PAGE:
[Source: Internet Matters]
Since children virtually live online, we are beginning to see a worrying trend known as “digital self-harm”. It has all the hallmarks of self-harm in that the person who enacts it is in a state of high emotion distress and inner turmoil, feeling isolated, powerless and out of control. But rather than seeking out a blade they turn to the online world to invite others to cut through them emotionally.
This is such a new phenomenon that in the few meetings that I have been with colleagues there is no real consensus on what we are seeing but a few themes that I think are relevant include:
Acknowledgement of pain: it’s important that one’s pain is seen as this make it feel real and therefore worthy of attention- this is also the case with physical self-harm, where the ability to see the pain is containing, comforting and makes it more real/ manageable.
A need to assert control: feelings aren’t facts but that doesn’t stop us from wanting to make sense of the negative feelings that we hold about ourselves – as a consequence the vitriol that one invites from the online world may be an attempt to make sense of the painful emotions they feel.
An attempt to be listened to: even if those listening are being negative and cruel, the fact that someone is listening can paradoxically be of comfort.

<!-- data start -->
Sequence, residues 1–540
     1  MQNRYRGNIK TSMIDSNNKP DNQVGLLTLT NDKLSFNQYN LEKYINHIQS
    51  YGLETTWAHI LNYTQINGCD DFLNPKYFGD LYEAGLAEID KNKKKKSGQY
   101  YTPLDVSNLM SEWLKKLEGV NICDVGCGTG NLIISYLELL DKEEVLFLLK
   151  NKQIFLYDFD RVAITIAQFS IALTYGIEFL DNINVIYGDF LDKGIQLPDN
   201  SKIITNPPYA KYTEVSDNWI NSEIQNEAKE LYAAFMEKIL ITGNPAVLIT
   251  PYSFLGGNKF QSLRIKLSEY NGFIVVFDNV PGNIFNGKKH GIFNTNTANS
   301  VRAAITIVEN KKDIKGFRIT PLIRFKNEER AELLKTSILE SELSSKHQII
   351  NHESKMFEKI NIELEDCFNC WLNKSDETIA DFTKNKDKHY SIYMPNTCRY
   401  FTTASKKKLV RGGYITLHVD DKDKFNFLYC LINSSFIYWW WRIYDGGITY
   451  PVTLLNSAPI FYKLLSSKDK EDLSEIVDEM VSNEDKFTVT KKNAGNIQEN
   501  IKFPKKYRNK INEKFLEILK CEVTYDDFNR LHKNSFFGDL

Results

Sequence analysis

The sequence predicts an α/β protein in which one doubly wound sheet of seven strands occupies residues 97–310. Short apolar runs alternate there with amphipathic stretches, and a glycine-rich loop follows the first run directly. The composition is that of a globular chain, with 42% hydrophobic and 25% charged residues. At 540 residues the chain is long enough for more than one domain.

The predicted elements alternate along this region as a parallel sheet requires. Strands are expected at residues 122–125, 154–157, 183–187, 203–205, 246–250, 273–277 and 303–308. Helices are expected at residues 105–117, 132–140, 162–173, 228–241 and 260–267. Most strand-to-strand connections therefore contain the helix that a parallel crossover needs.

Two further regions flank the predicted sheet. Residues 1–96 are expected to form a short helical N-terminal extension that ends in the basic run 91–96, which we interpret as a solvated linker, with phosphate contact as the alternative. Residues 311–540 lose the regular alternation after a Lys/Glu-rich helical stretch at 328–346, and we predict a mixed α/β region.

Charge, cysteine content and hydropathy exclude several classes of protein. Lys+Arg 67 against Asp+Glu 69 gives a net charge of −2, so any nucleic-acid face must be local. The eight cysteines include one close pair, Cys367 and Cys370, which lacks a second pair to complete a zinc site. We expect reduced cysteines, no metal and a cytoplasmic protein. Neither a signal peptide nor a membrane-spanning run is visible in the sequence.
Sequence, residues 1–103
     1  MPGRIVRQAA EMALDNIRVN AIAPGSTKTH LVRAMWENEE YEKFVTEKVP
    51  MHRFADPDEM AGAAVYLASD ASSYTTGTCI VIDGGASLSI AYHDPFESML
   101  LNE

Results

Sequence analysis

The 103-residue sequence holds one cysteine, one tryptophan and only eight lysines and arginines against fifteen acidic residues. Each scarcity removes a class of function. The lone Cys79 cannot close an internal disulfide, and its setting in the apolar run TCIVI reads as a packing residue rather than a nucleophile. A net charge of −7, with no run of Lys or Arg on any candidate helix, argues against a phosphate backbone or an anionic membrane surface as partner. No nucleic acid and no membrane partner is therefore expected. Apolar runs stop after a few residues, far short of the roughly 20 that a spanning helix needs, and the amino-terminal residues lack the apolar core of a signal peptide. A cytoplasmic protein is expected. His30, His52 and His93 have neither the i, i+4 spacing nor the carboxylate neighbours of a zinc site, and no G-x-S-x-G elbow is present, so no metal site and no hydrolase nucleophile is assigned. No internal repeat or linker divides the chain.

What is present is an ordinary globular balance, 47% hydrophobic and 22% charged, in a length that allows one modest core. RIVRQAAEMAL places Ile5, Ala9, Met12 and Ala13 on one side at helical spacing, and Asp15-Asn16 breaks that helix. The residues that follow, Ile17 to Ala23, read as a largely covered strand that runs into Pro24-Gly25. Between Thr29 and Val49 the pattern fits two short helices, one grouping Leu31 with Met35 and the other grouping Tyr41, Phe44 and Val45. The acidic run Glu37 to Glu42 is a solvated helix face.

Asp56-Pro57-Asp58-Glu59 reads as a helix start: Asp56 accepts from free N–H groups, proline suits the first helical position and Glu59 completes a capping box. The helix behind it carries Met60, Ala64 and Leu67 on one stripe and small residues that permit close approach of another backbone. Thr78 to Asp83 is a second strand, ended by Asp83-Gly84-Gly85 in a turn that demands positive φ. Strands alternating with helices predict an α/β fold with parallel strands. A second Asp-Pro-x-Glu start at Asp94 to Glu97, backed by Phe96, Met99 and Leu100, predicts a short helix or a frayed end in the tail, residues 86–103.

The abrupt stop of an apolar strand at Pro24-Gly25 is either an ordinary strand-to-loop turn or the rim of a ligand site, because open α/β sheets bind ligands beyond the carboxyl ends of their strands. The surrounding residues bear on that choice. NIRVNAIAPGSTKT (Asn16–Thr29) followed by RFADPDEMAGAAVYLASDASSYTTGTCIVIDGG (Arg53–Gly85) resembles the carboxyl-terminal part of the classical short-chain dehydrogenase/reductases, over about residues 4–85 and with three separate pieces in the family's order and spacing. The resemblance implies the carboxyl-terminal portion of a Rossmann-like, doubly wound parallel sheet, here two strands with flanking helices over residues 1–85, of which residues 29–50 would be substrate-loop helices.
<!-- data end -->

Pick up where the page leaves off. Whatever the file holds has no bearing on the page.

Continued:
What Should a Parent Do?
It can be hugely upsetting if parents suspect that their children are going through this. As is the case with all health related issues the sooner you get them talking about it and seeking support the better. Explain that emotions come and go and even at their most painful they don’t last forever. It’s important to learn to ride them out in a healthy way, whether by distracting themselves with other behaviours or activities or by talking about it.Try not be critical or judgmental, instead encourage them to let you know when they feel like self-harming so you can help them through it.
If you feel you need further support and guidance speak to your GP and ask for a referral to a registered therapist. Alternatively there are places that can you give you and your family professional support online such as Selfharm.co.uk, a project dedicated to supporting young people who are affected by self-harm, or Self Injury Support which provides a young women’s text and email service, an any age helpline for women who self-harm, UK-wide listings for self-harm support and self-help tools.